They should be on hand during the preparation process to present and explain significant financial data. Accountants are responsible for designing meaningful budget reports. Also, accountants must continually strive to make the accounting system more responsive to managerial needs. That responsiveness, in turn, increases confidence in the accounting system.
Although many companies have used participatory budgeting successfully, it does not always work. Studies have shown that in many organizations, participation in the budget formulation failed to make employees more motivated to achieve budgeted goals.
Participation is not the answer to all the problems of budget preparation. However, it is one way to achieve better results in organizations that are receptive to the philosophy of participation. Hermanson, Georgia State University. Provided by : Endeavour International Corporation. Project : The Global Text Project. Authored by : Education Unlocked. License : All Rights Reserved. Skip to main content. Chapter 7: Budgeting. Search for:. Top management, then, must clearly state long-range goals and broad objectives.
These goals and objectives must be communicated throughout the organization. Long-range goals include the expected quality of products or services, growth rates in sales and earnings, and percentage-of-market targets. Overemphasis on the mechanics of the budgeting process should be avoided. Employees are more likely to strive toward organizational goals if they participate in setting them and in preparing budgets.
Often, employees have significant information that could help in preparing a meaningful budget. Also, employees may be motivated to perform their own functions within budget constraints if they are committed to achieving organizational goals. Communicating results People should be promptly and clearly informed of their progress.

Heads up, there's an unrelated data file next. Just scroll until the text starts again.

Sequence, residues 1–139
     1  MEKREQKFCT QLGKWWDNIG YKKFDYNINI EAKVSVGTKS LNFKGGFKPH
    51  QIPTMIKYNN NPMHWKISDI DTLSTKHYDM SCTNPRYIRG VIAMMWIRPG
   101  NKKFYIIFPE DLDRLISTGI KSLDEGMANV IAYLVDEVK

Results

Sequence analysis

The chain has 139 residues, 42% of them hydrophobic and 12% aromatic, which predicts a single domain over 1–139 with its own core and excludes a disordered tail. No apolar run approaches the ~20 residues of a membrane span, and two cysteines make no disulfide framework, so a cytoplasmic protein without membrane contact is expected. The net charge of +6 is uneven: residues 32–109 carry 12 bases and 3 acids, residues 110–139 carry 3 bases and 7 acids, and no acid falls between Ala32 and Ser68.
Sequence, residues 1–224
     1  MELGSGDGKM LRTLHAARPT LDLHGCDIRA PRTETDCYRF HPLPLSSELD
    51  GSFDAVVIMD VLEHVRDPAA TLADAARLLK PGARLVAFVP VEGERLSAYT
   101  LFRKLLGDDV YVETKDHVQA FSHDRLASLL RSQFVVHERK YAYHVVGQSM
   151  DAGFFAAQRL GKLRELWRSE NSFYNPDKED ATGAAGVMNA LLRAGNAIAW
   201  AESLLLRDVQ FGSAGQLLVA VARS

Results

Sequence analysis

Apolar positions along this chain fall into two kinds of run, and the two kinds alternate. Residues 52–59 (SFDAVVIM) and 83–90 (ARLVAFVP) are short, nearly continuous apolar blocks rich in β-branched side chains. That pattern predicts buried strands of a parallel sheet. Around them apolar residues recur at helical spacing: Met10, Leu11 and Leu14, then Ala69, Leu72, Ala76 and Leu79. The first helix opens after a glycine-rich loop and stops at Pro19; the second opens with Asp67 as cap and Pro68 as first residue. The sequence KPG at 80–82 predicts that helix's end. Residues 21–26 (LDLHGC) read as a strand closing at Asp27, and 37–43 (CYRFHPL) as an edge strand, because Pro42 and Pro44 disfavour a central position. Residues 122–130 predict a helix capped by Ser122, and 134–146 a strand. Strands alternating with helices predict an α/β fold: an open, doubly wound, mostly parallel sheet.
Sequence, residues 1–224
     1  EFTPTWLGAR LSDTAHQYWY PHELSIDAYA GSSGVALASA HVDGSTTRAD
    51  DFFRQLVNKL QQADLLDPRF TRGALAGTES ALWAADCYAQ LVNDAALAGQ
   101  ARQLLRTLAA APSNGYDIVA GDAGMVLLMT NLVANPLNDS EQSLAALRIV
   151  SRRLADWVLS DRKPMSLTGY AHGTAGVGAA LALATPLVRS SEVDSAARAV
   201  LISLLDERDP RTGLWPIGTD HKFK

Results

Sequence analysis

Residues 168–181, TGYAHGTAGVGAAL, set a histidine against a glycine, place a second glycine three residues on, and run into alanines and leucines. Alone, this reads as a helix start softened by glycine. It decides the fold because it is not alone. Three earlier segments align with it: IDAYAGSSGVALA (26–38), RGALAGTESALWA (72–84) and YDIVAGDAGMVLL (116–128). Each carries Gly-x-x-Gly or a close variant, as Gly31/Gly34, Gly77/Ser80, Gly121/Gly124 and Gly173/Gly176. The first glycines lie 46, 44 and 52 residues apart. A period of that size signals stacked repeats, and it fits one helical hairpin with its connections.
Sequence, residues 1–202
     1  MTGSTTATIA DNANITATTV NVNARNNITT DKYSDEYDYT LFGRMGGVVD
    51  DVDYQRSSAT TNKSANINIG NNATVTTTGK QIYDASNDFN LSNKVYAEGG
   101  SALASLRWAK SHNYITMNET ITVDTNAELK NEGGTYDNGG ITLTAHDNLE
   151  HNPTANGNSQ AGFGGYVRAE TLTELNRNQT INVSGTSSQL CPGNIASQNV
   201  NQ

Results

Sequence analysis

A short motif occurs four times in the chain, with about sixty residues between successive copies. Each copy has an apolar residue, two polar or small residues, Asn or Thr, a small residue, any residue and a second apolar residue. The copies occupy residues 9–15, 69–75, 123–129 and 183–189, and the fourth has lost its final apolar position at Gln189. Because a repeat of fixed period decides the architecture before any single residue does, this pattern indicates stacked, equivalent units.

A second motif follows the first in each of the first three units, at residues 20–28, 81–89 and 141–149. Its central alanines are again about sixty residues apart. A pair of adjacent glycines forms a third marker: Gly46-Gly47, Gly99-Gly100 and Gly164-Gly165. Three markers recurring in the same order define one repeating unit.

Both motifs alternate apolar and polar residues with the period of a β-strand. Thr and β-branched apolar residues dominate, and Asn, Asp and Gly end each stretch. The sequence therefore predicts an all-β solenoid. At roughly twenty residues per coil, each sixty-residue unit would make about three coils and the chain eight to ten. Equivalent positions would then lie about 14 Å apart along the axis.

Effective communication implies 1 timeliness, 2 reasonable accuracy, and 3 improved understanding. Managers should effectively communicate results so employees can make any necessary adjustments in their performance.
Flexibility If significant basic assumptions underlying the budget change during the year, the planned operating budget should be restated. For control purposes, after the actual level of operations is known, the actual revenues and expenses can be compared to expected performance at that level of operations. Follow-up Budget follow-up and data feedback are part of the control aspect of budgetary control.
Since the budgets are dealing with projections and estimates for future operating results and financial positions, managers must continuously check their budgets and correct them if necessary. Often management uses performance reports as a follow-up tool to compare actual results with budgeted results.